One of the more common battles being fought on behalf of the Second Amendment involves protecting gun stores from closure. While many states, even anti-gun states, have opted to allow them to remain open, not all of them have. One prominent example is California.
Perhaps the most anti-gun state in the nation, California thought nothing of closing gun stores left and right. While some sheriffs are allowing them to remain open, others aren’t.
As a result, a lawsuit was filed to try and overturn the decision. It did not go well.
A federal judge on Tuesday denied a request to force Ventura County, Calif., to reopen gun stores forced to close in response to the coronavirus.
Judge Consuelo B. Marshall, a Jimmy Carter appointee, of the District Court for the Central District of California, said she would not grant a temporary restraining order against the county’s shutdown order. Her decision is one of the first in the legal battle over pandemic-related closures of gun businesses. It may indicate the court fights could drag on for weeks and produce mixed results even as Americans buy guns for self-protection at a record pace.
“While the public interest is served by protecting Second Amendment rights, the public interest is also served by protecting the public health by limiting the spread of a virulent disease,” Marshall said in a ruling.
Marshall’s ruling is one of at least three legal opinions that have come out in the wake of the outbreak, though state and federal courts have disagreed about the extent to which the Second Amendment protects against emergency closures. The Pennsylvania Supreme Court allowed Gov. Tom Wolf (D.) to include stores in his shutdown—though the governor later reversed course. Meanwhile, a North Carolina court ordered Wake County sheriff Gerald Baker (D.) to abide by an agreement that reopens the pistol-purchase permitting process in the county.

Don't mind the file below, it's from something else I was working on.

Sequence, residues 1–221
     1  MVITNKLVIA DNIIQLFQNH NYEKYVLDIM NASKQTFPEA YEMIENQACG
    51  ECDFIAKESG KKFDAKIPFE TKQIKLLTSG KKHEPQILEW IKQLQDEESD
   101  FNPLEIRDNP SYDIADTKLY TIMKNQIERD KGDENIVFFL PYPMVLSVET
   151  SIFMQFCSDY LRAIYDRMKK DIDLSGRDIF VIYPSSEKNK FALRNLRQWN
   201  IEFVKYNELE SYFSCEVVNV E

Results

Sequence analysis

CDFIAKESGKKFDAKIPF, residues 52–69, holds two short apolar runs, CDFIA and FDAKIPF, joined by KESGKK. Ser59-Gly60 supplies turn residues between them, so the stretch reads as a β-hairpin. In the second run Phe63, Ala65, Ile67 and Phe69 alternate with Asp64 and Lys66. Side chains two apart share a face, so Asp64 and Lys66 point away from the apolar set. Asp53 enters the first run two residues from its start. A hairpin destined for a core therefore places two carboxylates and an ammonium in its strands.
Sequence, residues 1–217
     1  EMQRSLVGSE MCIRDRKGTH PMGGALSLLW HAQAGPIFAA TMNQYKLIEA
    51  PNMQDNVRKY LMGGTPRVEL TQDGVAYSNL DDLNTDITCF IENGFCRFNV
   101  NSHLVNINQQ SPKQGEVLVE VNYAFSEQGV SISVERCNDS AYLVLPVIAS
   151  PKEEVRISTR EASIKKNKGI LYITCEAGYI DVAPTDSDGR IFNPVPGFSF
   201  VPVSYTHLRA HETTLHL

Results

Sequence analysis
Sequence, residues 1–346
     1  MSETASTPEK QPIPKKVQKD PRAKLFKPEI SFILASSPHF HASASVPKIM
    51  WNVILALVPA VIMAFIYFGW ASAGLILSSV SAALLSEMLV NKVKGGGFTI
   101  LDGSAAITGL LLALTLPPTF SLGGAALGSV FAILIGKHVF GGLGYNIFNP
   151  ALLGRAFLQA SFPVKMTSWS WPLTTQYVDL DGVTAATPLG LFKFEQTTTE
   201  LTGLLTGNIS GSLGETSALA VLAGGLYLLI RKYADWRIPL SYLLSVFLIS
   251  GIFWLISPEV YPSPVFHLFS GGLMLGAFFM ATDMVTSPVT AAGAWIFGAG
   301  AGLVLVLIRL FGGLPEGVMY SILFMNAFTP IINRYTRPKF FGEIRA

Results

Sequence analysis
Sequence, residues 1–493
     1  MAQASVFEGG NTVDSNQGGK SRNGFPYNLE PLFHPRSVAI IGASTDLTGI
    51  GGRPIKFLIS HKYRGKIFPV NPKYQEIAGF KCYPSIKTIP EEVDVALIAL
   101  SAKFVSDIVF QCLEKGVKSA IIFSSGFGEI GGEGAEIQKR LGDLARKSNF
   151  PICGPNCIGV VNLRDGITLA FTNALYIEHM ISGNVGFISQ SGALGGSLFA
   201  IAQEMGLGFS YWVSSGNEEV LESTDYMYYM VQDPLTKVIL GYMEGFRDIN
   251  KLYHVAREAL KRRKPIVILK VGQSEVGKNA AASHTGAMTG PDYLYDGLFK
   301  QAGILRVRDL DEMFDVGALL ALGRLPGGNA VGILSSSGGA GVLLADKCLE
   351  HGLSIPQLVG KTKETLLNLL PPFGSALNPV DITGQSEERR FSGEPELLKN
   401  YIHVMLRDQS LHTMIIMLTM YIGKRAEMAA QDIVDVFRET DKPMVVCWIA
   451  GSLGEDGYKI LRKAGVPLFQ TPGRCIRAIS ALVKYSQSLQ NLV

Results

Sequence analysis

The problem here, though, is that Marshall’s ruling effectively suspends the Second Amendment for many in California.
Oh, those who have guns will still be able to keep them. Marshall’s ruling doesn’t go that far. However, for those who don’t have guns and feel they might need one now, it’s too late for that.
You see, in California, you can’t buy a gun without a gun store, pretty much. You need an FFL holder to conduct a background check on any transfer, and those are generally found in gun stores. So to legally purchase a gun, you need a licensed gun dealer.
Since all the gun stores in places like Ventura County are closed, for all intents and purposes, the Second Amendment has been suspended.
It should be noted that other locales have found a way to try and balance the public health concerns with Second Amendment concerns. Some allow gun stores to be open by appointment only. Others require limits on how many are allowed in the store at one time. Hell, some don’t require anything because, to my knowledge, the disease has yet to be transmitted via a contact in a gun store.
You’re much more likely to spread it through grocery stores, but no one is closing those down, now are they? Of course not. Instead, they mitigate the risk as best they can.
Why isn’t that part of the discussion in California?
Of course, we all know why. It’s California. COVID-19 isn’t the reason. It’s just an excuse.